3. A lovely piece and it does also bring back fond memories of when i met the man, I should really do a retro piece on him, as all those wise words did come back flooding after reading your gentle and humble piece on him, or were u writing about yourself lol

    Regards, You know WHo!

  4. dear Paul

    i have only just learnt of the death of Phra Hans through this site. I was looking for a colour picture of him as i wanted to quote him in a talk. I wanted people who had never met him to know who had spoken such wise words. I met him 8 years ago and think of him often. I am very sad to hear this news, but also glad to have met him. Thank you for keeping us informed


  5. HI Paul, thanks for your article. I met Phra Hans,Mar 09, and spent time at Thamkrabok. like you our initial meeting was for his Guided meditation, and from tht day on, we had an extraordinary relationship. I was amazed at how selfless he was. Even though he was ill, he continued to guide us in meitation. I was priviliged to have daily talks with him, always asking if he was up to it. It saddened me to see his health decline rigght in front of my eyes over his last couple of months.Having returned to TBK, I spent time volenteering, working the gardens, kitchen and as Phra Hans reluvtantly took to his bed, I spent time with him, chatting and I brought my portable dvd player to his room and we would watch some of his fave films.As his health faded we would just sit together. I felt priviliged to spend that time together. On his last couple of days I sat with him in the hospital in Phraboutabat, it was some consolation that he was not alone during his last few hrs. I hadd just returned to my hotel, to eat, when the nurse from the hospital phoned me ,telling me I should return to the hospital.When I got there,20mins later Phra Hans had died. He had been in a lot of pain for a long time and even had a morphine drip,and although he seemed asleep, just before i let to eat that day, Phra Hans woke and looked at me. I am glad he saw that he was not alone. He helped me so much over the 4 months that I knew him, and even now at times, I feel him around me.What a precious soul he was, I feel so priviliged to have known him.Peace and Love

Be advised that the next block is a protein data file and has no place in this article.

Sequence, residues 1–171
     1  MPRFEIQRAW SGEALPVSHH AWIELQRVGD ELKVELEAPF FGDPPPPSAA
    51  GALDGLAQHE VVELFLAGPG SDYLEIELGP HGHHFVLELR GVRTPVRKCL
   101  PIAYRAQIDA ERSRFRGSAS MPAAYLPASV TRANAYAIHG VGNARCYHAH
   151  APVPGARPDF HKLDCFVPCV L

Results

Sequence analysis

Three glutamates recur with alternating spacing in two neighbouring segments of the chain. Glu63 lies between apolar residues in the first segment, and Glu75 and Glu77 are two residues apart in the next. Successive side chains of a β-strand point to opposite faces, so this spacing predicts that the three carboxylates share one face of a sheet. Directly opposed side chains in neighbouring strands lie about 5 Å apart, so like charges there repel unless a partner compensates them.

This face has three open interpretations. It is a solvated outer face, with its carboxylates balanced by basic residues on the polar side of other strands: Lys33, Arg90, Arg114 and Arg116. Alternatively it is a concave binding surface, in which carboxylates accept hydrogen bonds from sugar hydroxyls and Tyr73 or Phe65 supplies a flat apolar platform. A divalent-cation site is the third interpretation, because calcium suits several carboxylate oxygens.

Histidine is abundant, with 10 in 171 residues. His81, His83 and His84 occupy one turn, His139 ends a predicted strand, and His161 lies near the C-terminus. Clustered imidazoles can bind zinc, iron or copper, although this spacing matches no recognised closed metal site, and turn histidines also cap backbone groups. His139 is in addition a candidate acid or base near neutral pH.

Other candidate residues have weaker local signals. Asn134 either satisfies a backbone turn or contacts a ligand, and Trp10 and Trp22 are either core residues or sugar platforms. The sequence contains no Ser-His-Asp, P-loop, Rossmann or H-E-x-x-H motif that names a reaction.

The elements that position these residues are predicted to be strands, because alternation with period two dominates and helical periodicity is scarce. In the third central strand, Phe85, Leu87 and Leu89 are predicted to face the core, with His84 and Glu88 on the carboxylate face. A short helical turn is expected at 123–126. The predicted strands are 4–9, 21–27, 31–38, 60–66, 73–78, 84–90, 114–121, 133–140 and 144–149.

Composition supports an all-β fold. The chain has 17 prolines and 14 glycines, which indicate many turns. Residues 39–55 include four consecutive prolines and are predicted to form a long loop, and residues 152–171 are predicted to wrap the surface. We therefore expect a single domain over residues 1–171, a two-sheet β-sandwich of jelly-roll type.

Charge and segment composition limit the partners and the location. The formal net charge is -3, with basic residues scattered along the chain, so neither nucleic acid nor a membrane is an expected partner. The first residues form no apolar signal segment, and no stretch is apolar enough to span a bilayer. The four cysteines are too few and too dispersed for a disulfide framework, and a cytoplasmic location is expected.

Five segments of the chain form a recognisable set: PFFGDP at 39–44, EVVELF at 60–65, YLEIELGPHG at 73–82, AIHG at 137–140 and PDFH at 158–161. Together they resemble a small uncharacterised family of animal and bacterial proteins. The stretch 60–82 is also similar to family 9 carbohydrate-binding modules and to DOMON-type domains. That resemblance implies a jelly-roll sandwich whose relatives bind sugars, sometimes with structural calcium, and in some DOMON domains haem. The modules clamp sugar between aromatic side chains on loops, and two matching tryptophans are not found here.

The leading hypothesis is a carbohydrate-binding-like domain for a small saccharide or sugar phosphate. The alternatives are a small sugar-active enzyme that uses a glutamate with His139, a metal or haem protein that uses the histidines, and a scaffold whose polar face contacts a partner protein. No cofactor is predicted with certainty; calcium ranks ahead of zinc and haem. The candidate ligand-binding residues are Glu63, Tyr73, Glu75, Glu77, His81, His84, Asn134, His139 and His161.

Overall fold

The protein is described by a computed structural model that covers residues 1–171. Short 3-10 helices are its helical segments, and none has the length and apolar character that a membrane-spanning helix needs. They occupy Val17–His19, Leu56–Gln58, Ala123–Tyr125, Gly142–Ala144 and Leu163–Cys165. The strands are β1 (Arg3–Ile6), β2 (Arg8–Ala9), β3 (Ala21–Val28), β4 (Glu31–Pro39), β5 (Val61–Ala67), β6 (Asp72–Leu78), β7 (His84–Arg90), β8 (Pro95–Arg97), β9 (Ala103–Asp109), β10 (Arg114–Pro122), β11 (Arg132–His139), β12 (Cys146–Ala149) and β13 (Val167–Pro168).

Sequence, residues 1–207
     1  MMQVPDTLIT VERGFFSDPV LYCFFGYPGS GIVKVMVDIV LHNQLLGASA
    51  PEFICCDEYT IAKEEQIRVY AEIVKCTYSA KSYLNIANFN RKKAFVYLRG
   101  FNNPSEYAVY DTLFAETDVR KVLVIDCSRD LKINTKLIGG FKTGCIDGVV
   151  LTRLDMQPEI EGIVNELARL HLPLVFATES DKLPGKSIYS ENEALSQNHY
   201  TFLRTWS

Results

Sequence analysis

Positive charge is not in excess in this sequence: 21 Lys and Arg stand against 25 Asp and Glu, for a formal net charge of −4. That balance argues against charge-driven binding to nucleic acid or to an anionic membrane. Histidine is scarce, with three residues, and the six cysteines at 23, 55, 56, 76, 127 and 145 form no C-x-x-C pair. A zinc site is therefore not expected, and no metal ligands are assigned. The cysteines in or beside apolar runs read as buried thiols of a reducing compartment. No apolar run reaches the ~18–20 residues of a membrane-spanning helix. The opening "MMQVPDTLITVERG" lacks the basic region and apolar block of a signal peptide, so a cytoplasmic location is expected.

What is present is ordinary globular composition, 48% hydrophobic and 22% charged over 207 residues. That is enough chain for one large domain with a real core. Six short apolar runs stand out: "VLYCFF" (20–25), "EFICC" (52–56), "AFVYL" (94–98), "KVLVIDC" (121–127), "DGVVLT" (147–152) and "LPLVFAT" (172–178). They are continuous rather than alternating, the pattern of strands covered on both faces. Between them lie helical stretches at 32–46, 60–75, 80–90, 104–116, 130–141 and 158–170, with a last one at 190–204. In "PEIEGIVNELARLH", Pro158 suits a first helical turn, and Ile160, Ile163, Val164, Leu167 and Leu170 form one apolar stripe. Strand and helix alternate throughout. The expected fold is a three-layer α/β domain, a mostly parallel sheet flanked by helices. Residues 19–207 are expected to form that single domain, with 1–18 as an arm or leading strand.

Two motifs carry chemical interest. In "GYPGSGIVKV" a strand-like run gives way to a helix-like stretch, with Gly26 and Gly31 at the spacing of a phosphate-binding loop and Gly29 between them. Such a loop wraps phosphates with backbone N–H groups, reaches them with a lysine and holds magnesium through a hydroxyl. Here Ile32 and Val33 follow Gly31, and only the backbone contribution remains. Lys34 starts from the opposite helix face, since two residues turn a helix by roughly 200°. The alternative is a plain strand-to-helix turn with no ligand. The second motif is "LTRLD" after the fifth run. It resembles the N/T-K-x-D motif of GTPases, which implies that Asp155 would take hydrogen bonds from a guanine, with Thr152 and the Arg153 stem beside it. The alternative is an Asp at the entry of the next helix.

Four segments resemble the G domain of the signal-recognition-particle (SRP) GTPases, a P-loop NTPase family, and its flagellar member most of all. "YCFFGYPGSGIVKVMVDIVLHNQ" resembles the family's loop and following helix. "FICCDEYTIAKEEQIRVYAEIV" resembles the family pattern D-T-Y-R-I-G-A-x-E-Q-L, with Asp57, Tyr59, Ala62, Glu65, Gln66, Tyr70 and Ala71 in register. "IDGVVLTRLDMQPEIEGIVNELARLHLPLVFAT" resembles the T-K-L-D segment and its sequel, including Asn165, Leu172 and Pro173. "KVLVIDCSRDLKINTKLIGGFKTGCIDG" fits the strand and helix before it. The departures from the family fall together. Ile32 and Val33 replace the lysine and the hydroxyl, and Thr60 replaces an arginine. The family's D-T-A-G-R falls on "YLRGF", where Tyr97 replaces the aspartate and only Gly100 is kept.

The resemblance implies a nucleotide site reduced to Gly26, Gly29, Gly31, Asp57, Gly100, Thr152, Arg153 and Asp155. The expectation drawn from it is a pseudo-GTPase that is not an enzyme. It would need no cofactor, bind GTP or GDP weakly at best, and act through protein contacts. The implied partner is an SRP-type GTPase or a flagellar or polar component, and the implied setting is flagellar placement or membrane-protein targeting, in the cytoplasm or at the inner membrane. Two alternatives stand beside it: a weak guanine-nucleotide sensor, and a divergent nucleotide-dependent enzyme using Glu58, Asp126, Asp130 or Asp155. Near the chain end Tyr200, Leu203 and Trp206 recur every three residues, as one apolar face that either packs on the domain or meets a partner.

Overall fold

1. Hi Kelly-Ann, it is so nice of you to share your memories of Phra Hans. I’m glad there was somebody who cared about him there at the end. I fully agree with you about him being a precious soul.